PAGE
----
Updated 22 Sep 2022
Many teams have switched to using containers instead of conventional VM (virtual machine) infrastructure configurations since Linux first offered containerization more than ten years ago. Applications can now be deployed much more quickly thanks to containerization solutions like Docker, which also make it possible for teams to manage all of their microservices. However, you’ll need something to assist in coordinating these Docker containers as the number of containers in a system grows. So, what is Kubernetes vs docker?
The two main technologies for packaging containerized applications, container orchestration, and distributing containerized applications are Docker Swarm and Kubernetes (or K8s), which was developed by Google. Additionally, we frequently hear, “what is the difference between docker and Kubernetes?” Which is the superior choice? The best option for you will depend on your needs and tastes, although both are excellent at managing many containers and integrate well with Docker.
The robust open-source platform Kubernetes, sometimes known as K8s by its sizable developer community, was introduced by Google in 2014. Since then, Kubernetes has rapidly risen to prominence as one of the leading container orchestration tools thanks to its prowess in managing intricate system architectures, automating tasks across host clusters (such as scaling up or down, rollbacks, and more), and enabling system performance logging and monitoring via a built-in GUI.
Additionally modular and deployable with any architecture, Kubernetes is. It functions by classifying containers into logistical components that may be utilized and interacted with separately. Kubernetes enables enhanced portability throughout the system while significantly enhancing scalability and expansion by dividing the load across containers. The question is, “what is docker swarm vs kubernetes?” So, let’s discuss the first part of that question.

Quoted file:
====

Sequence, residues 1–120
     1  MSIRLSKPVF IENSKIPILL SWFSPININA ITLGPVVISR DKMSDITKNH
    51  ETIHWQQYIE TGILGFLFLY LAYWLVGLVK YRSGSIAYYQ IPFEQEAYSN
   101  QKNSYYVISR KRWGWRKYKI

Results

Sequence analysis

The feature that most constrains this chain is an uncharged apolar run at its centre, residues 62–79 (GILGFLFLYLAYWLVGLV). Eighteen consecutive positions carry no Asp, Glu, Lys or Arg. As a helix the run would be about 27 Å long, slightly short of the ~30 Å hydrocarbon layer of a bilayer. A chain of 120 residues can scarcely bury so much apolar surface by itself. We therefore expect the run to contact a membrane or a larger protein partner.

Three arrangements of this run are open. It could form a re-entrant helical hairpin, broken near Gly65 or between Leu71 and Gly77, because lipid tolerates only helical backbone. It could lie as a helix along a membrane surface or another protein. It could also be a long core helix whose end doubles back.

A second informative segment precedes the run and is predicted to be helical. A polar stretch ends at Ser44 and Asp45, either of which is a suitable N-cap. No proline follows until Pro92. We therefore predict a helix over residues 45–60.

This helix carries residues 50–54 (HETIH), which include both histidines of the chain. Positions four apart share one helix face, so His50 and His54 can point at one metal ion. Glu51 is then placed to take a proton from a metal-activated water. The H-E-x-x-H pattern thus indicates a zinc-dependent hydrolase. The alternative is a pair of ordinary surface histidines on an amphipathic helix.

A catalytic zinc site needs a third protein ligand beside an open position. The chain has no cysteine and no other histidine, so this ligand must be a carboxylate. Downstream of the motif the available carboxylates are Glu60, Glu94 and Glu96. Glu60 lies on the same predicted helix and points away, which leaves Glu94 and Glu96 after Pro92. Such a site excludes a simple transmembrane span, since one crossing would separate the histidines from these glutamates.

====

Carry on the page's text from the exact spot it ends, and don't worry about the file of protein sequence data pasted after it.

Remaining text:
Swarm, often known as Docker Swarm, is the open-source container orchestration platform developed by Docker. Swarm, developed and maintained by the same firm that produced the well-liked Docker containers, became well-known for its speedy setup, usability, and scalability.
With fewer containers and simpler topologies, Docker Swarm thrives. It is used to combine different Docker hosts into a single, simple host that supports rolling upgrades and automatic load balancing.
But wait, how do Docker and Docker Swarm vary from one another? The tool for managing and orchestrating these dockerized containers is called Docker Swarm, not to be confused with Docker, which is used for containerization. After all, you know they’ll work well together if the container and container orchestration technologies are produced by the same business.
Both Docker Swarm and Kubernetes are container orchestration systems. Therefore, they share a lot of functionality. However, depending on your requirements and tastes, one or the other may be the ideal choice as each tends to excel in distinct areas.
Let’s explore the difference between docker swarm and Kubernetes and how they compare in several important aspects.
Without a doubt, the setup and installation process for Docker Swarm is the fastest and most straightforward. Swarm is also simpler to learn, especially for those with a less technical background. On the other side, Kubernetes has a far steeper learning curve and is much more difficult to set up. Due to this, Kubernetes can also manage installations that are much bigger or more challenging. Kubernetes delivers stronger clusters that are quicker and more secure—gold in huge production environments—once you get over the initial setup and get the hang of how it works.